Monday, April 1, 2013

expedition returns from previously uncharted "land of mary"

hipsters in silver spring sepia
Amundsen (left) and friends walking up Georgia Avenue in the Land of Mary.
Word came over Instagram today that an expedition of H Street twentysomethings in search of a route to Columbia Heights without having to bike uphill have returned from what was previously thought to be uncharted land north of the District.

Friday night, a band of young adults led by 23-year-old social media producer Roald Amundsen set out from Little Miss Whiskey's on their fixed-gear bikes in search of the fabled Northwest Passage, which would allow them to reach Wonderland Ballroom without sweating as much.

"Our friends loudly and drunkenly told everyone that fixies are unusable in these regions and that their drink specials are rubbish," he said. "We shall see," he added. "We shall see."

However, the first sepia-toned images to surface on Amundsen's Twitter account appear to be of a settlement in the little-understood territory called the Land of Mary, located due north of the District. Until now, all that anyone knew about the Land of Mary is that it was home to a boring and cultureless race of people who piloted large, metal vehicles in an erratic fashion, ate crab cakes, and were the ancestral home of the rich kid in somebody's freshman year dorm at Oberlin.

Initially, Amundsen expressed dismay about the strange inhabitants of the new territory, which he and his crew dubbed New Columbia, after crossing Eastern Avenue, long considered to be the end of civilization.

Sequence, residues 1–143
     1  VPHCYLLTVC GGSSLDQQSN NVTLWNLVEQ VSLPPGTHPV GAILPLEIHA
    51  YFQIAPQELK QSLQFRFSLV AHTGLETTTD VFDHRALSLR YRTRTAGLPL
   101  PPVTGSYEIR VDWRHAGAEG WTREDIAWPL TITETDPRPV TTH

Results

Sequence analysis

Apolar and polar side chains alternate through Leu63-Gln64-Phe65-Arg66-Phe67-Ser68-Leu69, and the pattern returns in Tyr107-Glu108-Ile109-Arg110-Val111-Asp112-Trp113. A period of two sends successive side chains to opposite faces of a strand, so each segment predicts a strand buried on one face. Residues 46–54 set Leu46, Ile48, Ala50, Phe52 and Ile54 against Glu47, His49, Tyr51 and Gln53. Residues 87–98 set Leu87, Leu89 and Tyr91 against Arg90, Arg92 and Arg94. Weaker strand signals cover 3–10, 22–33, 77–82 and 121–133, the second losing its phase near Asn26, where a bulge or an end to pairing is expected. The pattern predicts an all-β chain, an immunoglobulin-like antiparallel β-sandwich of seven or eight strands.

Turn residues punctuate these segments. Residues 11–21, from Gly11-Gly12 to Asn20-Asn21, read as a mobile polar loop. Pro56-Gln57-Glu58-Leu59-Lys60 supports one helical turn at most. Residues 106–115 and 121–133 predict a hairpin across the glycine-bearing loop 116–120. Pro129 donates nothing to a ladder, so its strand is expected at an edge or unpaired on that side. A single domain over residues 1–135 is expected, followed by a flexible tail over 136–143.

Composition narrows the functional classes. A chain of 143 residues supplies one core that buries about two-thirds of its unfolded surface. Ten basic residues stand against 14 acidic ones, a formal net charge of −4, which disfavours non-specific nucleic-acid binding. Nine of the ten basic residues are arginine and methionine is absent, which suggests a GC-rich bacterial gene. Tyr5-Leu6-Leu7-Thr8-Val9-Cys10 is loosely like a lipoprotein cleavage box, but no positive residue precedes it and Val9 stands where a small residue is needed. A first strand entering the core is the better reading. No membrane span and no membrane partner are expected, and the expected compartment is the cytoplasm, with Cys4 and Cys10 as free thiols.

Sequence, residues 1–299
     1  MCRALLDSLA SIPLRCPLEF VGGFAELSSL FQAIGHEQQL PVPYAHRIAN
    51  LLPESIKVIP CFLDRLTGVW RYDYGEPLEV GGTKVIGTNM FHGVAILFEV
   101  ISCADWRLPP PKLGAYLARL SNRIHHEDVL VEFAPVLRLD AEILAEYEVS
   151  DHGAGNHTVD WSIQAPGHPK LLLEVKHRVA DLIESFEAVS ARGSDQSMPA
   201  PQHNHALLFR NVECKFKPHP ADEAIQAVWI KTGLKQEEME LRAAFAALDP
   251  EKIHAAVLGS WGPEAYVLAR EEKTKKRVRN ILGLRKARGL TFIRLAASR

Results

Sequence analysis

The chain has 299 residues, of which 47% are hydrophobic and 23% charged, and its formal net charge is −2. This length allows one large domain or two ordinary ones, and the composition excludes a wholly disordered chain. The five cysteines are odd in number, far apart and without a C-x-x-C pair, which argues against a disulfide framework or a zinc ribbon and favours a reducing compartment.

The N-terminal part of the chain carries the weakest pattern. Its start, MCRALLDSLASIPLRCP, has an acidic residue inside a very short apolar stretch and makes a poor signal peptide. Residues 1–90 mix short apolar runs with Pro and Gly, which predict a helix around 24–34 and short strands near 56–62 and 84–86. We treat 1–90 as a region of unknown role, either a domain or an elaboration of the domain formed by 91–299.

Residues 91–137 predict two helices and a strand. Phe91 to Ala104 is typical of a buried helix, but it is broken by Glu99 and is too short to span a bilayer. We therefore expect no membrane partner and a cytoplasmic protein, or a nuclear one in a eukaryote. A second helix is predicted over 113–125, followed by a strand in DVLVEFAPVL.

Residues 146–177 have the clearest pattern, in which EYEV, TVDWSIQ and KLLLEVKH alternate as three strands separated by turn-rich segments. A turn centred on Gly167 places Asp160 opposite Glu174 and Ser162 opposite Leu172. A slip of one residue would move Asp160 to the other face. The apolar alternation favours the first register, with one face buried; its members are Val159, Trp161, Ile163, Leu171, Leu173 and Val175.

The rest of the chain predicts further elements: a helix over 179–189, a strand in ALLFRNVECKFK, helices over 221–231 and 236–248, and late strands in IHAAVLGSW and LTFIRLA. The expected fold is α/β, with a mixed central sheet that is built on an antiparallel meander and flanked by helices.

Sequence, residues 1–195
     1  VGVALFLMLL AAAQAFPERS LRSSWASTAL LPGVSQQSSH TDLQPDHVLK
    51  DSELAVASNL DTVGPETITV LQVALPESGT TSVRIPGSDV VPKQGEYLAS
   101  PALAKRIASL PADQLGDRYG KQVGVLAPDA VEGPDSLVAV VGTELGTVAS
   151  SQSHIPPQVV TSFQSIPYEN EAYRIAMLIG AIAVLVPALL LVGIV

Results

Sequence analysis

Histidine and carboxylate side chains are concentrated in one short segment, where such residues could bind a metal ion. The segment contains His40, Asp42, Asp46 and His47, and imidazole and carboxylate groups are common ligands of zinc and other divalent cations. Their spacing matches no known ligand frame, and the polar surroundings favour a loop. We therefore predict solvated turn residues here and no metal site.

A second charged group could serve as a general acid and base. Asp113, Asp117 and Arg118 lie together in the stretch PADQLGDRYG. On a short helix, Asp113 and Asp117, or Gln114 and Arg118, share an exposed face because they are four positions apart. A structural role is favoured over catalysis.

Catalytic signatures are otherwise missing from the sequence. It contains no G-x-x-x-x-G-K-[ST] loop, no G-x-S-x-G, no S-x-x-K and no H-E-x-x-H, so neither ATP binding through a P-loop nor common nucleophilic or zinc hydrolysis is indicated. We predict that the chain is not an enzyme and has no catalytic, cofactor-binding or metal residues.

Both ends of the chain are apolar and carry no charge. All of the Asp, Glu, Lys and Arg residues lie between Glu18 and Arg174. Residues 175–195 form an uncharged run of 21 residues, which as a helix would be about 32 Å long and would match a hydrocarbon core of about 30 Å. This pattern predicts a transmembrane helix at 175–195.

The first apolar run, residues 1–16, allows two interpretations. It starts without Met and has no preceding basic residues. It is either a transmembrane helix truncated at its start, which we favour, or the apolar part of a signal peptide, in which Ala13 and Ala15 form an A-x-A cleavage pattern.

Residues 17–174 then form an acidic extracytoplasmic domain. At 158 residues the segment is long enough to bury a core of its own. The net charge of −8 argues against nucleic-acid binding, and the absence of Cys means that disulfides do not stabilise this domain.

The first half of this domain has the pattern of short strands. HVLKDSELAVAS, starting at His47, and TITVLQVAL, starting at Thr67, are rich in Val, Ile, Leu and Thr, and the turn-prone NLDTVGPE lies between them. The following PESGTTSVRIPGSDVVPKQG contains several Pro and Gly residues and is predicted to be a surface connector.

"They seemed on the whole to me, to be a very uncool people," he wrote in a tumblr post. "They all go completely without scarves and mustaches, even the men, though I saw one guy who looked like he might be a DJ."

Amundsen's Instagram photo of his lunch. 
One day after landing in New Columbia, Amundsen claimed to have seen sidewalks, buildings far taller than any that exist in the District, and a "grody dive bar in a basement." Around lunchtime Saturday, he tweeted photos of an Ethiopian restaurant.

"Eating tibs & injera at hole-in-the-wall with amazing smells. Theres like 100 of them on 1 block here in #unchartedterritory," he wrote.

By Sunday, Amundsen and his crew found New Columbia's three record stores and began to wonder if the uncouth villagers could be civilized. "It appears to me that the people are ingenious . . . I am of opinion that they would like the new Yeasayer album," he wrote on his Facebook page. "If it's okay with my landlord, I intend to carry home six of them to crash at my place so we can listen to it on my record player."

While the savages of New Columbia, which Amundsen dubbed "Columbians," were flattered by the invitation to listen to records on the floor of Amundsen's English basement studio, they politely declined, citing job and family commitments.

Happy April Fool's Day! Check out our past April Fool's posts from 2009, 2011, the other one from 2011, and 2012.

No comments: